The Second Evangelical Awakening (1859–1862) had a deep and lasting impact on the Church in the UK and Ireland, yet today it seems largely forgotten.
One million new members were added to largely evangelical, nonconformist churches, and a huge impulse given to missionary activity. This can be seen in some of the famous names and organisations that came out of, or were heavily influenced by, the Revival movement: Tom Barnardo and the (Dr) Barnardo’s Homes; Evan Hopkins, a founder of the Keswick movement; William Booth and the Salvation Army; Josiah Spiers and the Children’s Special Service Mission (now Scripture Union); and the Inter-Varsity Fellowship of Christian Unions (now UCCF) can all trace their origins to this incredible move of God in answer to united prayer that marked the UK-wide Revival of 1859.
When Hudson Taylor returned from his first seven years in China in 1860, he urged the existing, traditional mission agencies to expand their work into China’s inland provinces, now officially open to missionary activity since the Treaty of Tianjin in 1858 ended the Second Opium War. Increasingly he saw the need for a new agency, channelling a new type of missionary to China, and that God was calling him to lead it. Eventually, on 25 June 1865, he prayed on Brighton beach for ‘24 willing, skilled workers for the inland provinces of China’ and the next day opened a bank account in the name of the China Inland Mission. He raised awareness through his influential pamphlet ‘China: Its Spiritual Needs and Claims’ – which ‘stirred the evangelical churches of Britain to their missionary duty as no document had done since William Carey’. He was introduced to the developing holiness movement, and invited to speak at the Perth and Mildmay Conferences. These revival meetings are seen as forerunners of the Keswick Convention Movement for the Deepening if the Spiritual Life (at which Hudson Taylor frequently spoke). The early history of the CIM is marked by its connection with the Revival movement not only of 1859, but also with the better-known Moody and Sankey revival of 1875.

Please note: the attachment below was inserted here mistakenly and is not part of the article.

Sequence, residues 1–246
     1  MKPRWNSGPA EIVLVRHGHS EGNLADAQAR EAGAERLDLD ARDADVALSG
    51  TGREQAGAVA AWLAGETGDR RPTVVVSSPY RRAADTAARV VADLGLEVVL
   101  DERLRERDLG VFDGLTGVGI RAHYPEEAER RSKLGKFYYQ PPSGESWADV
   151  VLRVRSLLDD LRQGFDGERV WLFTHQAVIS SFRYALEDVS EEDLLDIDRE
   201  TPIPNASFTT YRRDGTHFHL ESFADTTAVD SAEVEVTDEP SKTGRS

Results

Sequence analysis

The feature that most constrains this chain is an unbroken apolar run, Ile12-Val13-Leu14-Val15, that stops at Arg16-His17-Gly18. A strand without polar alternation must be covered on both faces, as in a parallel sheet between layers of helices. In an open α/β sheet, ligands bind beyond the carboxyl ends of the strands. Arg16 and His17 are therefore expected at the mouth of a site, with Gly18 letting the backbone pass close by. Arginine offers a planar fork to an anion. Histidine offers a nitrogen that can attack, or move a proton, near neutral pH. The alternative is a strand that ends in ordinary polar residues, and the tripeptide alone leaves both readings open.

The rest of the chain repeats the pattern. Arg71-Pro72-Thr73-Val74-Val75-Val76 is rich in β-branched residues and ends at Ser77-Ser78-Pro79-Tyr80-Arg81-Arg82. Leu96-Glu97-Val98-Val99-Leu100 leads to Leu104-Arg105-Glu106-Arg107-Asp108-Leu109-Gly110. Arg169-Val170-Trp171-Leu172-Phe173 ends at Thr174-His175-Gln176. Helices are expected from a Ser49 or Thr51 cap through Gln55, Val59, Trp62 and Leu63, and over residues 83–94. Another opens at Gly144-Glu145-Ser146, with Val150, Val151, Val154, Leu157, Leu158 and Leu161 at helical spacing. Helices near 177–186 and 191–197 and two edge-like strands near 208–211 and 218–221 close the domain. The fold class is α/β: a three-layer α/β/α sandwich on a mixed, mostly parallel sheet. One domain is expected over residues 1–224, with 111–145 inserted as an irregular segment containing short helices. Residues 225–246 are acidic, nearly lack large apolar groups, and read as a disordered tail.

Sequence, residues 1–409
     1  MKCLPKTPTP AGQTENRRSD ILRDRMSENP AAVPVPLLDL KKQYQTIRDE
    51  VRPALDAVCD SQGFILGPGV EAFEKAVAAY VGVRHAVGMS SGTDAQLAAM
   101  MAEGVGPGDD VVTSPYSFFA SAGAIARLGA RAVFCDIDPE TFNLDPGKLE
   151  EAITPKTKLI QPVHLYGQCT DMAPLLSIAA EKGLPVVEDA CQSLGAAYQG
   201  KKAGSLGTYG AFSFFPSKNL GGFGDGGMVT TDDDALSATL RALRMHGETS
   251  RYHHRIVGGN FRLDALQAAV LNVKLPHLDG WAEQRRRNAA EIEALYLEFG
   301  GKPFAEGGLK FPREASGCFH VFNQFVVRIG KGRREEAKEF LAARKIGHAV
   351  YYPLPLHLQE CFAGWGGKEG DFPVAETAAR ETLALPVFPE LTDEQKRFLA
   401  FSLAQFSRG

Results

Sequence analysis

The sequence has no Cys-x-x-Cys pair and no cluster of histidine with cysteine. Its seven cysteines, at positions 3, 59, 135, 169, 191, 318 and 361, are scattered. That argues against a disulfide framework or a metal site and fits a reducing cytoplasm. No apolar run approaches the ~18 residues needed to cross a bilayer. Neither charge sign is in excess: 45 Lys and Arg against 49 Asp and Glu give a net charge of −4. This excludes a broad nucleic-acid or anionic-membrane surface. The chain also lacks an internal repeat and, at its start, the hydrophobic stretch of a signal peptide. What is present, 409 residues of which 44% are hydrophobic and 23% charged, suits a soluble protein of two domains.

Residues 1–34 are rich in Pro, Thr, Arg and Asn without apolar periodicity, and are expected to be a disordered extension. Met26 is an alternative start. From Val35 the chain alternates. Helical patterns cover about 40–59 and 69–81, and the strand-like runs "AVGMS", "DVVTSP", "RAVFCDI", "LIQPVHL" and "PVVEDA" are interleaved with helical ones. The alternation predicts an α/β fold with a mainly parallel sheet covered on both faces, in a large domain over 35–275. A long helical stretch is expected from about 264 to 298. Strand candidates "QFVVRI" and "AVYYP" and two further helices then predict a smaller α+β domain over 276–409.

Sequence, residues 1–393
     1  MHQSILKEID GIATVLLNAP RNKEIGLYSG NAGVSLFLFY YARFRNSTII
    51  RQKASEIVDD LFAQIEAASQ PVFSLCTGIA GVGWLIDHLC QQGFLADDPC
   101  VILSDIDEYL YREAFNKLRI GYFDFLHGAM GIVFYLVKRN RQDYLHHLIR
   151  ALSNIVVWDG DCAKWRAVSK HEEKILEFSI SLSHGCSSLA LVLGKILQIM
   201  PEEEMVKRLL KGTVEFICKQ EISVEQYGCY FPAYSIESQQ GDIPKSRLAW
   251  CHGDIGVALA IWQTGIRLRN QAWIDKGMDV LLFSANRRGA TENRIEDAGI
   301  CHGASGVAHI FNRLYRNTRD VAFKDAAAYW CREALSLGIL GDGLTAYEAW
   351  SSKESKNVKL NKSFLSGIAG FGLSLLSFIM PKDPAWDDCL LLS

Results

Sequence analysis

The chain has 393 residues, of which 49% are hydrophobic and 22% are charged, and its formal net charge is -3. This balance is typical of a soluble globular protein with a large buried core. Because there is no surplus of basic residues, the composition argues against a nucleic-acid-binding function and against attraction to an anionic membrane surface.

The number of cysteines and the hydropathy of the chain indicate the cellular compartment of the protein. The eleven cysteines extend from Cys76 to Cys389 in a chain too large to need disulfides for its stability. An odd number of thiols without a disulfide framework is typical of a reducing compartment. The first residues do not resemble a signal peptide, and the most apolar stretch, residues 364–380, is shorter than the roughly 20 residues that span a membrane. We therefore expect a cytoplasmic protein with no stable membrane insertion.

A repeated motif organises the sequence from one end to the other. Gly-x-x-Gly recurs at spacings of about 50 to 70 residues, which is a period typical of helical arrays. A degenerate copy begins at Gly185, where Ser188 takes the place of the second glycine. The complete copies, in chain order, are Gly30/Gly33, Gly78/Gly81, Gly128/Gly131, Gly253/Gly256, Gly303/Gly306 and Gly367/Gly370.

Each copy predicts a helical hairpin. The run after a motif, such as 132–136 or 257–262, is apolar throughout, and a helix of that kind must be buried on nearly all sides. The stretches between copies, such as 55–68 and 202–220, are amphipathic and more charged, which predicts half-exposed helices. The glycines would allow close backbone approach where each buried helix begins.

Like the Revival movement, which found its roots in united, interdenominational prayer meetings, the CIM took an inter-denominational approach to mission. Some claim that Taylor was an ordained Baptist, despite this he had strong Brethren connections and was well known by all nonconformist denominations and by many key evangelicals within the Church of England.
Tracing the early missionaries’ church connections reveals a wide variety of churches, both Anglican and nonconformist, such as St Judes, Mildmay Park (minister Rev William Pennefather); Brook Street Chapel (Brethren chapel patronised by the Howard family); Regents Park Baptist Chapel (Rev William Landels – closed in 1922, now part of Middlesex Hospital); Westbourne Grove Chapel (Rev William Lewis); and of course Charles Spurgeon of the Metropolitan Tabernacle. When we examine the background of the early CIM missionaries we see that the influence of Revivalism resulted in a different type of missionary – a real mix of working class men, blacksmiths, carpenters and drapers assistants, together with ladies’ maids and governesses. These men and women did not so much see themselves as being sent by their individual churches, they saw themselves as being united and part of the greater revival movement.
What relevance does this historical reflection have for today’s church? As we begin a year celebrating the 150th anniversary of the founding of the China Inland Mission it is helpful to reflect on the state of the UK Church today in comparison with the UK of 1865. The impact of revival in converting close to five per cent of the national population in 1859, and the consequent huge increase in churches being built, is a great challenge to us now. What role does Revivalism have today?
One key lesson to learn is that it was united, interdenominational prayer in any given area that led to revival. What good examples of church unity do we see in our towns and cities today? Where can we encourage a united prayer effort in crying out for the lost in our own land, let alone those in East Asia? What new examples do you see of inclusive and innovative mission in your area today? How can you advocate for innovative approaches to intercultural mission locally and globally? Whom do you see as being excluded from involvement in church and mission – are we too male, white and middle class? Do our structures and our intellectualism serve to exclude the working class from our churches and our church leadership? Most of our cities have excellent evangelical churches in the city centres, and yet there are vast housing schemes across the land with no evangelical witness among a people less mobile, and firmly tied to their estates. Where are the innovators, the great men and women of faith who both see what is needed with the eyes of faith, and get up and get on with it with the work of their hands? Perhaps we need a revival of the heart.